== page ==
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Do climate models project changes in solar resources?

Huber, Isabelle and Bugliaro, Luca and Ponater, Michael and Garny, Hella and Emde, Claudia and Mayer, Bernhard (2016) Do climate models project changes in solar resources? Solar Energy, 129, pp. 65-84. Elsevier. doi: 10.1016/j.solener.2015.12.016. ISSN 0038-092X.

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Official URL: http://www.sciencedirect.com/science/article/pii/S0038092X15006891


In the last two decades much concern has been raised with respect to global dimming and global brightening as a trend in surface solar global irradiance. Surface solar radiation drives various surface processes, like evaporation and photosynthesis, affects surface energy budget and impacts solar energy production technologies and other human activities. In particular, variations of solar resources due to climate change could harm the return of investment for solar energy projects. Therefore, we show a novel method to derive surface direct normal irradiance (DNI) from climate model input data. Since global horizontal (GHI) can be provided simultaneously in a consistent way by our method, this allows to study how projected atmospheric changes may modify GHI and DNI, and hence the output of photovoltaic (PV) and concentrating solar power (CSP) plants. Starting from a given input data set, we then provide concrete projections of solar resources for the middle of the current century. We perform radiative transfer calculations with atmospheric data produced by global climate models. Cloud data is obtained from the model E39C-A, a derivate of the general circulation model ECHAM4, aerosol data from the coupled aerosol-climate model ECHAM5-HAM. For the treatment of clouds in the radiative transfer model, that require particular care since they strongly modulate surface radiation, we introduced the new concept of effective optical thickness and implemented it into E39C-A. The simulations follow the IPCC SRES A1B scenario which describes a future world of rapid economic growth with a balanced use of renewable and fossil fuel power generation. Our calculations indicate that future (2035–2039) surface irradiances are likely to be reduced compared to past (1995–1999) irradiances mainly in southern and western Africa with a decrease of about �20% in DNI and about �5% in GHI. In Europe and Australia solar radiation is likely to increase by about +10% in DNI and some 1–5% in GHI. We observe nearly no change in North America. Climate change has most likely more impact on DNI than on GHI, CSP projects are hence more affected by climate change than PV ventures. The results from the new method can only be as reliable as the input data are. However, the order of magnitude and regional Patterns of our findings are consistent with a recent study that applies other global climate models in combination with a different method to derive surface irradiances. The input data, which our projections strongly rely on, are plausible to the extent that they are qualitatively consistent with IPCC multi-model results for the same scenario as used here.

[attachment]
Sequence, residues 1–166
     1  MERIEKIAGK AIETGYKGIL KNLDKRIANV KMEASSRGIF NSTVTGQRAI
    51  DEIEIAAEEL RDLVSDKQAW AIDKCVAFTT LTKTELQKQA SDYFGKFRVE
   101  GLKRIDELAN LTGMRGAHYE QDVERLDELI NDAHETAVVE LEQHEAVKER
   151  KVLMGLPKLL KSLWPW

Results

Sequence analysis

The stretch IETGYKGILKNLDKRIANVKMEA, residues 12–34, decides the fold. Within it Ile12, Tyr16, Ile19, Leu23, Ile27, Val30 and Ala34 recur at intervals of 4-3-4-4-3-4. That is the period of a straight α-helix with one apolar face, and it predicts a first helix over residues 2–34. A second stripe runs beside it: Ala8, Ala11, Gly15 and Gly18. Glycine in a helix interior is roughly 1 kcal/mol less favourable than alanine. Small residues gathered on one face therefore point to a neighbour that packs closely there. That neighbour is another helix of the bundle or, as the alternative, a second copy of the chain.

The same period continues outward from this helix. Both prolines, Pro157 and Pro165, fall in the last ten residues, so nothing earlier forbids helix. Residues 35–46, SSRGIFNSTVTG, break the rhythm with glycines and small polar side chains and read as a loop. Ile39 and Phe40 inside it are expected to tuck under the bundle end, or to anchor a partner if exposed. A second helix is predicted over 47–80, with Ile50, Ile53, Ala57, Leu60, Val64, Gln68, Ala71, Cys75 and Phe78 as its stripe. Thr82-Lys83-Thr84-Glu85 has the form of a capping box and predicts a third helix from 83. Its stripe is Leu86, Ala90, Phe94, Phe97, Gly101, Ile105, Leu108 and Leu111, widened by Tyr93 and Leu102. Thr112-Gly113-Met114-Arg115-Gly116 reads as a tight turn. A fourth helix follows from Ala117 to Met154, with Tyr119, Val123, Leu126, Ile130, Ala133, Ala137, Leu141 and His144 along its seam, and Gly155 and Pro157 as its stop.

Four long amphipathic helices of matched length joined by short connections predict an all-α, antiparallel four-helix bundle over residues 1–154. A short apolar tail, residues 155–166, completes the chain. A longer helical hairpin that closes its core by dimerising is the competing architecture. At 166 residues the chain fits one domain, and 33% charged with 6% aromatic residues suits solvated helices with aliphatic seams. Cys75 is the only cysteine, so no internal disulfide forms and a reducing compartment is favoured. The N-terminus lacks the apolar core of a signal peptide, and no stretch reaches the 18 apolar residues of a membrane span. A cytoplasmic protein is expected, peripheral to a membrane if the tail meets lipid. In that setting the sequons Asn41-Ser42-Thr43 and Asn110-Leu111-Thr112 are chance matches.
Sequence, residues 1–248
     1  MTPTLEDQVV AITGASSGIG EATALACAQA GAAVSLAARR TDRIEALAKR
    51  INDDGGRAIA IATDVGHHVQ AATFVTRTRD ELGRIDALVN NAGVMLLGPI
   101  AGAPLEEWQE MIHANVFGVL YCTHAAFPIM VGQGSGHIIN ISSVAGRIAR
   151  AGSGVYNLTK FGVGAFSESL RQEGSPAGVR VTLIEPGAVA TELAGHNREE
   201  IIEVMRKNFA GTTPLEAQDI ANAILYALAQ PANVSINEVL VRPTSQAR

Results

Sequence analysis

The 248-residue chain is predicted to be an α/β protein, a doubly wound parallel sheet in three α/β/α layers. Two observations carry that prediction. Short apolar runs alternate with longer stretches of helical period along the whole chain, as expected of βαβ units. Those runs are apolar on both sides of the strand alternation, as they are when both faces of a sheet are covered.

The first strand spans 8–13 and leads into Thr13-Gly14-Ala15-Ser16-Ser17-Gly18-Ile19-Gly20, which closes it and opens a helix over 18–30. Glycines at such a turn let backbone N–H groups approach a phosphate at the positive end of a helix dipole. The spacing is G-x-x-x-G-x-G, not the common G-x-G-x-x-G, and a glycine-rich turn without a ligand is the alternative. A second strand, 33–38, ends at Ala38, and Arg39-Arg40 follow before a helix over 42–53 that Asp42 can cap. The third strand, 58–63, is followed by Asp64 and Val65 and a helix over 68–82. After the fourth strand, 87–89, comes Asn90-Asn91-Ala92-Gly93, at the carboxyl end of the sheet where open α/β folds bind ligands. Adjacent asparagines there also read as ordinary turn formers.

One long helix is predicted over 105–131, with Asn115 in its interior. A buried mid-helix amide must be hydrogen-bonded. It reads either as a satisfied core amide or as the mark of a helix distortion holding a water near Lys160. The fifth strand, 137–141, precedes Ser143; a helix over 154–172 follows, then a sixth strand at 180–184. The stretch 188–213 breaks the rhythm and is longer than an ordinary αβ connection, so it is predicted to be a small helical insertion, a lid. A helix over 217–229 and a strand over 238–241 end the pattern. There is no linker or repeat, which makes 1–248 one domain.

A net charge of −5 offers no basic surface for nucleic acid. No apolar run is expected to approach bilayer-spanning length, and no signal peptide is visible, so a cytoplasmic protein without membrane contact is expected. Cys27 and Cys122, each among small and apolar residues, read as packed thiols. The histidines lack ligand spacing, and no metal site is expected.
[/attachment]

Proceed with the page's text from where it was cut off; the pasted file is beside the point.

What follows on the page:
Item URL in elib:https://elib.dlr.de/100441/
Document Type:Article
Title:Do climate models project changes in solar resources?
AuthorsInstitution or Email of AuthorsAuthor's ORCID iDORCID Put Code
Bugliaro, LucaDLR, IPAhttps://orcid.org/0000-0003-4793-0101UNSPECIFIED
Journal or Publication Title:Solar Energy
Refereed publication:Yes
Open Access:No
Gold Open Access:No
In ISI Web of Science:Yes
Page Range:pp. 65-84
Keywords:Solar resources, Climate change, DNI, GHI, Irradiance, Radiative transfer
HGF - Research field:Aeronautics, Space and Transport
HGF - Program:Space
HGF - Program Themes:Earth Observation
DLR - Research area:Raumfahrt
DLR - Program:R EO - Earth Observation
DLR - Research theme (Project):R - Atmospheric and climate research
Location: Oberpfaffenhofen
Institutes and Institutions:Institute of Atmospheric Physics > Atmospheric Remote Sensing
Institute of Atmospheric Physics > Earth System Modelling
Deposited By: Bugliaro Goggia, Dr.rer.nat. Luca
Deposited On:04 Dec 2015 06:55
Last Modified:14 Nov 2023 12:54

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